Senior FEMA official suspended in relation to Long investigation
A senior official at the Federal Emergency Management Agency has been suspended without pay related to a Department of Homeland Security inspector general investigation into whether FEMA Administrator Brock Long used government vehicles for personal reasons, according to an administration official.
John Veatch was suspended last Friday as the agency was responding to Hurricane Florence, according to Politico, which first reported the suspension. Veatch has been the assistant administrator for FEMA’s National Continuity Programs Directorate since May 2017. He was also the chief of the FEMA National Response Coordination Center during the 2017 hurricane season, according to the agency’s website.
It wasn’t clear how Veatch may have been involved.
FEMA referred CNN to DHS for comment. DHS referred CNN to the DHS inspector general’s office. The inspector general’s office said in a statement that it does not have “involvement in personnel decisions for DHS components” and referred CNN to FEMA.
Last week, the DHS inspector general confirmed to CNN that it is investigating Long’s use of government vehicles. The investigation includes, but may not be limited to, travel using government resources, and that would include the administrator’s travel in government vehicles on the taxpayer’s dime, the source told CNN. The investigation was first reported by Politico.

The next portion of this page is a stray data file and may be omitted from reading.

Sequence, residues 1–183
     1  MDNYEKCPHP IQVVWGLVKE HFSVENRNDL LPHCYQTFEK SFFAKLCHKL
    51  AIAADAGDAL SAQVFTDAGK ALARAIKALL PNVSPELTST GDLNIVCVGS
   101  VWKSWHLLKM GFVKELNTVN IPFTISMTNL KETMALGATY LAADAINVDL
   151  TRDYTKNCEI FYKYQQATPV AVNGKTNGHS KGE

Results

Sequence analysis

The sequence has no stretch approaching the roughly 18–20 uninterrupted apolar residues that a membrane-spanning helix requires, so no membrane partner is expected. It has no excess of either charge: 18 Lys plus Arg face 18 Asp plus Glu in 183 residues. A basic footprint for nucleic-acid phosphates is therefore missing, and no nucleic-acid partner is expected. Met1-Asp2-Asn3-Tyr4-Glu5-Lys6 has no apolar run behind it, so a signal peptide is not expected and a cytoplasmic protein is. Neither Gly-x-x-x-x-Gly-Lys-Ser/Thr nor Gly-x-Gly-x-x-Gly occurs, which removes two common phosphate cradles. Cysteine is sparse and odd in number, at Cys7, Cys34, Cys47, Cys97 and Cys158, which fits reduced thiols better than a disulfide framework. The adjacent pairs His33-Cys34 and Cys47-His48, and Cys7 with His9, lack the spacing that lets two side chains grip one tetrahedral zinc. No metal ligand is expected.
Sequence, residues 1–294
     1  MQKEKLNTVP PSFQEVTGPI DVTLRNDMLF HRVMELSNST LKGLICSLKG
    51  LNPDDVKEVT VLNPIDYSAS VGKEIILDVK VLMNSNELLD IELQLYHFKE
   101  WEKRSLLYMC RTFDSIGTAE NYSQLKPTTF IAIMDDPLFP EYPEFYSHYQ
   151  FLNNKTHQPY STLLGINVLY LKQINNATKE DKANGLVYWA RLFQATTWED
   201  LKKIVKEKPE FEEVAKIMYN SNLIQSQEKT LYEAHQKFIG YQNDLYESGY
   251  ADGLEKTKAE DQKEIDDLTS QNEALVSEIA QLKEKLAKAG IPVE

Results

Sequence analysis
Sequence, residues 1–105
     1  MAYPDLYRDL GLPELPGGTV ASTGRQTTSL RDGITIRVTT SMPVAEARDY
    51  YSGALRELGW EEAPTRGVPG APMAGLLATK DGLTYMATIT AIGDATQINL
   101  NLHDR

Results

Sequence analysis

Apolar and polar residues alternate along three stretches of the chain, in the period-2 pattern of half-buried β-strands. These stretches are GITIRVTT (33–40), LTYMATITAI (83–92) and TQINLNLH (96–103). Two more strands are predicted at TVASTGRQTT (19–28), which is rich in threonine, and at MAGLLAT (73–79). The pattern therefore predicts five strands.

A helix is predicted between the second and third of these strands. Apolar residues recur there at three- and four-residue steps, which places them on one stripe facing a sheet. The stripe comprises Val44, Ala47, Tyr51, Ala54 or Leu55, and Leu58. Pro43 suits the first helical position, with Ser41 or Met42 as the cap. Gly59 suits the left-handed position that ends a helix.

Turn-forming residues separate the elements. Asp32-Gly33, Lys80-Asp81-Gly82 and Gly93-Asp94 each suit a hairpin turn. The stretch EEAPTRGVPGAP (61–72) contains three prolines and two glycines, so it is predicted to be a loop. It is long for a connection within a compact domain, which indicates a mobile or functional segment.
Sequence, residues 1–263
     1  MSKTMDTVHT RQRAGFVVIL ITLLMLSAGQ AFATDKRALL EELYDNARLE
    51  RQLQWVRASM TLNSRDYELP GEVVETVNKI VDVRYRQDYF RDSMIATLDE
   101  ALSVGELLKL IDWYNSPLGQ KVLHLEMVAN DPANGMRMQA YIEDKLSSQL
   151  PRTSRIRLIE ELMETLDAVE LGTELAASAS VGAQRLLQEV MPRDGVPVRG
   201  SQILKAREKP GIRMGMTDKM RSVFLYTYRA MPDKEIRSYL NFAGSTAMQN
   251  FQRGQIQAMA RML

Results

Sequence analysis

Long is driven seven days a week and 24 hours a day — so any of his movements are in government vehicles. This would include travel to his home in Hickory, North Carolina.
House Oversight Chairman Rep. Trey Gowdy asked Long on Monday for information and documents on the administrator’s use of government-owned or leased vehicles for personal reasons. The South Carolina Republican also requested information about FEMA employees who were “tasked with accompanying” Long on trips “to or from North Carolina.”
Gowdy asked that the information be returned to the committee by Oct. 1.
The investigation was referred to federal prosecutors to determine whether criminal charges should be pursued on the same day Gowdy requested the information from Long, according to a report from the Wall Street Journal.
Long said on Monday that his attention remains on hurricane response.
“I am not focused on this investigation,” Long said in a statement. “I am fully focused on those impacted by Hurricane Florence.”